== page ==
This blog provides information on the Innovation Action Session, which will be held at the 4th International Data Conference (IODC) on Friday October 7, 2016 from 08:45 – 09:45 (CEST) in Room D. Further information on the session can be found here.
Of the five priority Action Areas emerging from the deliberations at the successful IODC 2015 in Ottawa, Canada (i.e., The Charter, Standards, Capacity Building, Measurement, Innovation), the latter—Innovation—is perhaps, the most eclectic and least structured of the areas. Otherwise described as the “Problem-Solving” Action Track, the characterization of this area includes collective efforts at:
- Developing open data innovation networks and thematic collaborations in sector-specific areas such as health, agriculture, and the environment.
- Understanding pathways (investments, methods, and business models) for scaling up the social and economic impacts of open data.
- Identifying mechanisms for catalyzing private sector engagement and innovation in the open data value chain, particularly in developing countries.
(See the IODC 2015 Roadmap here for more information.)
Among several progressive developments relating to these actions that have occurred since IODC 2015, the following are worth noting:
- The GODAN Network has launched a three and a-half year Action initiative for Open Data in Agriculture, supported by funding from the UK Department for International Development (DFID), that seeks to enable effective uses of open data in tackling food security and nutrition challenges through Research and Capacity-Building. The project was awarded to an international consortium with a strong record of expertise and experience in agriculture, nutrition, data, and ICTs led by Wageningen University in the Netherlands.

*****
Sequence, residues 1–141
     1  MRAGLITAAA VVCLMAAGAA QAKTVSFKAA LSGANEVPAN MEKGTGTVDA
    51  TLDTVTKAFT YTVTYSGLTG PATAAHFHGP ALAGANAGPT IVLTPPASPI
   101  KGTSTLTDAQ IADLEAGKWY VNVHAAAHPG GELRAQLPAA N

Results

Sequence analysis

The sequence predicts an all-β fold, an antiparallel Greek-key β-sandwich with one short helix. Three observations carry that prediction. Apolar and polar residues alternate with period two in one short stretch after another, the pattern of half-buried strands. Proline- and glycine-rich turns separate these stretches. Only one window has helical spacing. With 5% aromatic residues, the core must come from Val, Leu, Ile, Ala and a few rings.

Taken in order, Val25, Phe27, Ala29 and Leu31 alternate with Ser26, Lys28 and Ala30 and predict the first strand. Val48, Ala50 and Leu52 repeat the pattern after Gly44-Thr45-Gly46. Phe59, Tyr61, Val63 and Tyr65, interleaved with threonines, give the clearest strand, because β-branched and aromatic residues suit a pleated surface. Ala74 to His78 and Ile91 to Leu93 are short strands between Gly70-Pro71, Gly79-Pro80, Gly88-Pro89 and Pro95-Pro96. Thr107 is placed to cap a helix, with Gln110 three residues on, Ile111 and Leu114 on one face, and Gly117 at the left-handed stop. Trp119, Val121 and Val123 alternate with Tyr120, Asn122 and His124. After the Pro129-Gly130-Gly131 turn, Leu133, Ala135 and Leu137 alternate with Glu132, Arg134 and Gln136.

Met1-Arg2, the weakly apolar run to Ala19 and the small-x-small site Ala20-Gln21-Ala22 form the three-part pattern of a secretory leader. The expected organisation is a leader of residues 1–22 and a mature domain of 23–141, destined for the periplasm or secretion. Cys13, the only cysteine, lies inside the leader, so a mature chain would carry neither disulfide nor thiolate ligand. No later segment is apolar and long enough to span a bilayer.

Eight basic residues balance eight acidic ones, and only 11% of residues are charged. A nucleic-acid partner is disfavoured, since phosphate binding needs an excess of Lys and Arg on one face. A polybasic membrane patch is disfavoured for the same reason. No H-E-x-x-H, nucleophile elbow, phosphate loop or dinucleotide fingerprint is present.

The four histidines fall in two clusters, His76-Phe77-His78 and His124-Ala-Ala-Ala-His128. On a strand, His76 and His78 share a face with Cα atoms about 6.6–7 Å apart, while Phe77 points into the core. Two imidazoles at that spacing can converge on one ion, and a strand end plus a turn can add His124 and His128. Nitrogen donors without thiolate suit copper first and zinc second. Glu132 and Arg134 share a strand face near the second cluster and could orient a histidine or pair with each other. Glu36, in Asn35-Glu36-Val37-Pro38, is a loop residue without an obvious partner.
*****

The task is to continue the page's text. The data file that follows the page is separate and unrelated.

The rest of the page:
- Valuable collections of real-world use-cases have begun to emerge that highlight the potential impact of open data in developing countries. Two significant contributions are:
- The Open Data Impact Map is a public database of 1700+ organizations that use open data across 94 countries. The Map, which was launched in beta at IODC 2015, will officially launch on October 3, 2016 with new regional and sectoral findings pages. In May of 2016, the Center for Open Data Enterprise also published a report of global trends in open data use using the Map data. The full report can be found here.
- The Open Data Impact Study by GovLabs that conducted 19 detailed case studies of open data projects around the world. The case studies were selected for their sectoral and geographic representativeness (detailed findings and report here).
- The World Bank and the Center for Open Data Enterprise have collaborated to develop the Open Data for Business (OD4B) Tool, which provides a methodology to assess the private sector’s current and potential use of government data in various countries. The purpose of this Tool is to increase the business use of government data through (1) increased private sector awareness of government data, (2) identification of high-value data and barriers to use, and (3) a recommended Action Plan to engage with private sector stakeholders on an ongoing basis. Full Assessments have been conducted in several countries such as Sierra Leone (Report), Kazakhstan (Report), and Serbia, and pilots in Jamaica (Report), Kyrgyzstan, and India.